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Santa Cruz’s First Walking Guide Offers a Way to Discover the Landscape

The 28 walks are meticulously documented

The ‘Anthony stairs’ that run from Pacific Avenue to School Street near the Santa Cruz Mission were built in 1920. PHOTO: RICHARD STOVER

They say the journey of a thousand miles begins with a single step, and for Debbie Bulger, that step was onto the Beach Hill stairs that many locals—but not many tourists—know connect downtown Santa Cruz to the Beach Boardwalk via Cliff Street. There’s a reason those stairs are on the cover of Secret Walks and Staircases in Santa Cruz, the book she recently published with her husband Richard Stover.

It was 1986, and Bulger had come to Santa Cruz for the first time to run in the Wharf to Wharf race. She asked someone how she could get downtown from the beach, and they told her about the stairs. She loved the walk, but she didn’t love the sign on Cliff Street that said “Not a Through Street.” Bulger moved to Santa Cruz two years later, and she never really got over her beef with the sign.

“It’s always bugged me,” she says. “It’s only ‘not a through street’ if you’re in a car.”

Clearly the seed had been planted for Bulger to champion the Santa Cruz pedestrian. But it didn’t bear fruit until she had spent years on several local advisory committees and task forces, where the lack of attention to the local walking world was noted over and over.

“It always came up,” she says. “Someone would say, ‘We need a walking guide for Santa Cruz.’”

Finally, Bulger decided to write it. It was six years in the making, and even then it took the eerie lull of quarantine last year to motivate her to pull it all together.

“I guess when we all got locked down, Richard and I got serious about it,” she says.

But there was plenty of work put into it before that, of course.

“There was about a year of planning where I made a list of all the pedestrian shortcuts and staircases,” she says. Then she and Stover walked the routes. Stover, the project’s computer tech, used open source data to track them, while Bulger preferred pushpins and yarn on a map of Santa Cruz. After a while, though, it started to look like one of those conspiracy theorists’ crazy charts that the FBI agents find in thriller films.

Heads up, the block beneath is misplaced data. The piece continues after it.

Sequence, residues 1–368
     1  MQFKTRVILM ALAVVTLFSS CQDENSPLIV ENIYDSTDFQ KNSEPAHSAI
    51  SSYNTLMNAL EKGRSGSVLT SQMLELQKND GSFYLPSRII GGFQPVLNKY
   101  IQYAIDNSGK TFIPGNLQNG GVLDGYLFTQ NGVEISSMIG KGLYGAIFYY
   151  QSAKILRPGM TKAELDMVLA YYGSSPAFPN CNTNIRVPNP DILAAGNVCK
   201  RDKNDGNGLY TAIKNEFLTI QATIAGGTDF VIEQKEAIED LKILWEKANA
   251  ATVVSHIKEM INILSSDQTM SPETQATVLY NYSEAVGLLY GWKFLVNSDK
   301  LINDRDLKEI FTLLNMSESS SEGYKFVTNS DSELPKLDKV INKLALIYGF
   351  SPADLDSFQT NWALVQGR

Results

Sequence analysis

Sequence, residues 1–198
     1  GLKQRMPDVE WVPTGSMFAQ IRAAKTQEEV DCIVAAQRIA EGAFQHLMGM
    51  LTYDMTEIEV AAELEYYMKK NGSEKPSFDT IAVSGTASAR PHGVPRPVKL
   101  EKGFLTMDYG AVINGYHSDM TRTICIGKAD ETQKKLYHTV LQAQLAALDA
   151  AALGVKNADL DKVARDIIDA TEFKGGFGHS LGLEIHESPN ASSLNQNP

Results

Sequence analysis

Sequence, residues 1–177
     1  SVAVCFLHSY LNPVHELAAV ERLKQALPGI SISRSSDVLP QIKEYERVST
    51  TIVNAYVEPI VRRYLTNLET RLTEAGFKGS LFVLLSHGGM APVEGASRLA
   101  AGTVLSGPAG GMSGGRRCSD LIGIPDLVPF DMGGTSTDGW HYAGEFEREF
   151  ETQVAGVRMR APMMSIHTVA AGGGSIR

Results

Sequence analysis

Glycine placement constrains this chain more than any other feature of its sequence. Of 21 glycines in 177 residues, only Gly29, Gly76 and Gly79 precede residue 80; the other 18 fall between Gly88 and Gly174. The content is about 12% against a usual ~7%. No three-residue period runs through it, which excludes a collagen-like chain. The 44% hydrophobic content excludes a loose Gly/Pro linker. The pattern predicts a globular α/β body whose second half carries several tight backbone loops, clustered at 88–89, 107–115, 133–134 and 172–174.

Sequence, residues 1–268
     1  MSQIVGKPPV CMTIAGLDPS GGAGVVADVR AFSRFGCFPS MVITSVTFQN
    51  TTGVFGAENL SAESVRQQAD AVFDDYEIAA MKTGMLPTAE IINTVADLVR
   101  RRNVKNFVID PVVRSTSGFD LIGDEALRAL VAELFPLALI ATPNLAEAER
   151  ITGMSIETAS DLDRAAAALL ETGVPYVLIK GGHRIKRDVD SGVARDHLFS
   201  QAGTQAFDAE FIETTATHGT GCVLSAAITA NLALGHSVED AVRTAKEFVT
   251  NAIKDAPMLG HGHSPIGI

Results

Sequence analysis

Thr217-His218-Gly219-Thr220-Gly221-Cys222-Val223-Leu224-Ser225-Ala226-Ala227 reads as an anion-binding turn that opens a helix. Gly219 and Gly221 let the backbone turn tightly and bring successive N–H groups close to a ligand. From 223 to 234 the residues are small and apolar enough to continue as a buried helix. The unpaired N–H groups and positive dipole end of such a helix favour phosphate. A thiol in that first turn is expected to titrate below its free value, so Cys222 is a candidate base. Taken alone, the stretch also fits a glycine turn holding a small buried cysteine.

“It got complicated as more and more walks got on my list,” she says. “I sort of had to impose a limit before it got too big.”

Then there’s the fact that not all walks are created equal—even if they sound great on paper.

“We would do the walks, and sometimes they didn’t work out,” Bulger says with a laugh.

But she’s proud of the 28 walks meticulously documented with photos, maps and a complete list of turns in the book—some of which even most locals won’t have walked before. Like the alley by Arana Gulch on pages 242-243.

“That is a hidden gem,” she says. “You think you’re in such an exotic place.”

Bulger says she doesn’t really have a favorite Santa Cruz walk; it depends on what she’s in the mood for at any given time. And when she says the best thing about walking in Santa Cruz is that we have the perfect weather for it, she doesn’t just mean a sunny stroll through Pogonip—she can be just as happy promenading down West Cliff Drive in the rain.

Perhaps what’s most impressive is that even after logging all these steps, she still finds something surprising almost every time she goes out for a walk, whether it’s a mother duck and her babies nesting in the Bay Street median or a particular kind of flower newly in bloom.

“You just have to keep your eyes open,” she says.

The book has been selling briskly, even though it was released when tourism was discouraged, or flatly prohibited. That means that plenty of locals have been using it to explore Santa Cruz in a different way than they might be used to. She knows one city planner, for instance, who bought the book and took a very, er, officious approach.

“He said he did all the walks in the order they were in the book,” says Bulger. “He was true to his profession.”

‘Secret Walks and Staircases in Santa Cruz’ is available at Bookshop Santa Cruz, the Santa Cruz Museum of Natural History and other places where books are sold. For more information, go to lostballoonpress.com.

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